|Posted:||January 8, 2019 02:06 PM|
|From:||Representative Ed Gainey|
|To:||All House members|
|Subject:||Opioid Package – PDMP Requirements and Extended-Release and Long-Acting Opioid Products|
|As the scope of controlled substance abuse in Pennsylvania has widened, the loss of life and livelihood has become almost unimaginable. While families bury their loved ones, an epidemic continues to sweep through our Commonwealth, leaving destruction and uncertainty behind. Without further work to control it, this epidemic will only grow and remain a plague on our beautiful state.
With over 81.1 opioid prescriptions per 100 people written in 2015, Pennsylvania is one of the largest prescribers of opioid drugs in the country. My legislation package would attempt to limit access to controlled substances by amending The Controlled Substance, Drug, Device and Cosmetic Act. By reducing the prevalence of prescriptions for extended release long-acting opioid analgesics, we could immediately begin to see a decrease in the misuse and abuse of these types of drugs. Additionally, requiring practitioners to query the prescription drug monitoring program (PDMP) before prescribing, administering, or distributing controlled substances would also help limit access by tracking unusual prescribing patterns and keeping detailed notes on why patients have been prescribed a controlled substance.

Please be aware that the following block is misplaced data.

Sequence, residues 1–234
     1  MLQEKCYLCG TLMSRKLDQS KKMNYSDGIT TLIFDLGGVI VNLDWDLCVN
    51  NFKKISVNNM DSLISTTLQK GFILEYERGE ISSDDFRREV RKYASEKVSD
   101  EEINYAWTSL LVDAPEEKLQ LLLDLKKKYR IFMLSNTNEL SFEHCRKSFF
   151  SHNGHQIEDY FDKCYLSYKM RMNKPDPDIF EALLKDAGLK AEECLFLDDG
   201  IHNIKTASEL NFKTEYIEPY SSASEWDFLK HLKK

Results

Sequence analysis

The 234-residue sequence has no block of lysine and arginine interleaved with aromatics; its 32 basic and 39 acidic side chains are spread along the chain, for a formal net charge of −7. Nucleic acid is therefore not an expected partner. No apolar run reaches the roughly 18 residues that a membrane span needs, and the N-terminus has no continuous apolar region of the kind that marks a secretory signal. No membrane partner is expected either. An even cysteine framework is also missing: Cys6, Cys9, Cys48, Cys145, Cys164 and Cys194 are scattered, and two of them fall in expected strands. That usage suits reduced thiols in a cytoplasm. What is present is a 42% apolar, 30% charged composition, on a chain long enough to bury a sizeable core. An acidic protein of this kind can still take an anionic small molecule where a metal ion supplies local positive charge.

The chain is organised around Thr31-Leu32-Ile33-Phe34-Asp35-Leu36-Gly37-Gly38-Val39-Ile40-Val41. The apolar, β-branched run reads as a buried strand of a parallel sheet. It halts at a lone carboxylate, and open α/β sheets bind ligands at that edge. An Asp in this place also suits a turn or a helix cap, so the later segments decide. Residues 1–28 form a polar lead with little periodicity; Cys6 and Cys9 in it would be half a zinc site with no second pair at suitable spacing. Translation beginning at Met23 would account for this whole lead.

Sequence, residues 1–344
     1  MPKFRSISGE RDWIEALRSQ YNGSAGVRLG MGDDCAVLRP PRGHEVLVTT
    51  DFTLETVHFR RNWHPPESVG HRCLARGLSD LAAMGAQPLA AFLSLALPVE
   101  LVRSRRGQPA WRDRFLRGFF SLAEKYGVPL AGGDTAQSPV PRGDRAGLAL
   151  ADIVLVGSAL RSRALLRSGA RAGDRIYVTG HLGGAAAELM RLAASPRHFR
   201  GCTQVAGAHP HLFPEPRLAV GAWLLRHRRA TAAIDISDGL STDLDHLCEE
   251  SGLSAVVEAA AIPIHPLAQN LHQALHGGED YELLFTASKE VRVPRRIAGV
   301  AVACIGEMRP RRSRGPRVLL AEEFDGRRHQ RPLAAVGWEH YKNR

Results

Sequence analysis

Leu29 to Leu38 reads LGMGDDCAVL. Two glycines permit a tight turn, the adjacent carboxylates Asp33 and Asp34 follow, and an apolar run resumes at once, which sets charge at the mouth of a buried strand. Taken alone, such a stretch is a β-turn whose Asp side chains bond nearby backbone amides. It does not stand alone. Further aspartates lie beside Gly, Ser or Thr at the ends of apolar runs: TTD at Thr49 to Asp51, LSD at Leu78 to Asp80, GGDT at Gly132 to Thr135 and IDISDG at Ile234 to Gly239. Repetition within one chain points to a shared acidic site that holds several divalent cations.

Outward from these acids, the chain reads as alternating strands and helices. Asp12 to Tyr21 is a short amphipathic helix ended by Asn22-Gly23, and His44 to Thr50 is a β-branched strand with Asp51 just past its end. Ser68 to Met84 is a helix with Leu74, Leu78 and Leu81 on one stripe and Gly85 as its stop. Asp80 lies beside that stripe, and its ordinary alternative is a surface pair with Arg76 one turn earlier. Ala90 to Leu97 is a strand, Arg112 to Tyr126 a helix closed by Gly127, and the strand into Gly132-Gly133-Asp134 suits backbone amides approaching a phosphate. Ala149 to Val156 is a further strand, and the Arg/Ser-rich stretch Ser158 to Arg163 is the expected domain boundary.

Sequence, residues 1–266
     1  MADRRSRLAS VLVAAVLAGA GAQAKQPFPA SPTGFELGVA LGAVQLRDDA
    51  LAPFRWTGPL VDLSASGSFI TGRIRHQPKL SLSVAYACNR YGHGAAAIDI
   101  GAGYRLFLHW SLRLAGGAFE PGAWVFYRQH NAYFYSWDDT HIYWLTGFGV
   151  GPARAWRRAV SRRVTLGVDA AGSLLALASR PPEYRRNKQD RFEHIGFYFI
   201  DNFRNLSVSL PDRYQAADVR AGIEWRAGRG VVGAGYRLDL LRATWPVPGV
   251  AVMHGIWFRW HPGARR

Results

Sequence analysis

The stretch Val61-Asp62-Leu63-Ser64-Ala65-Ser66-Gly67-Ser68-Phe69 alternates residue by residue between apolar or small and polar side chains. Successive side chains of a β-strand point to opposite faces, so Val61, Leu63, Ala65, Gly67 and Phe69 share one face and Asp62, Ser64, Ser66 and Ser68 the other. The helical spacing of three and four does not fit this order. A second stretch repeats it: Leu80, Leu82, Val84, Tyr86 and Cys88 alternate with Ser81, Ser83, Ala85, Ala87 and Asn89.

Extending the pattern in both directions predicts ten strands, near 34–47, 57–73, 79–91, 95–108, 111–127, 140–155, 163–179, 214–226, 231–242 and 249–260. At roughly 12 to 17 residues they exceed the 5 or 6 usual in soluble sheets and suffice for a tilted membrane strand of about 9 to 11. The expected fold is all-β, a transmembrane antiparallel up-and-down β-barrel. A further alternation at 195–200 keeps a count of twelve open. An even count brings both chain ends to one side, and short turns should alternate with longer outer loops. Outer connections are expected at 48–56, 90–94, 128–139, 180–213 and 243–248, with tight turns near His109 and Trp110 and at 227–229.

As legislators, we must make it our duty to continue the fight against unnecessary over-prescription and over-use of controlled substances in Pennsylvania. Please join me in limiting access to these drugs so that we can continue working towards a safer, healthier Commonwealth.
Document #1 (Extended-Release and Long-Acting Opioid Products)
Limits the issuance of prescriptions for extended release long-acting opioid analgesics to an adult patient for the first time to no more than a seven day supply, with exceptions.
Document #2 (PDMP Requirements)
Requires practitioners to query the PDMP before prescribing, administering or dispensing controlled substances to determine if any unusual prescribing pattern exists for the patient and note the reasons for the prescription in the patient’s medical records.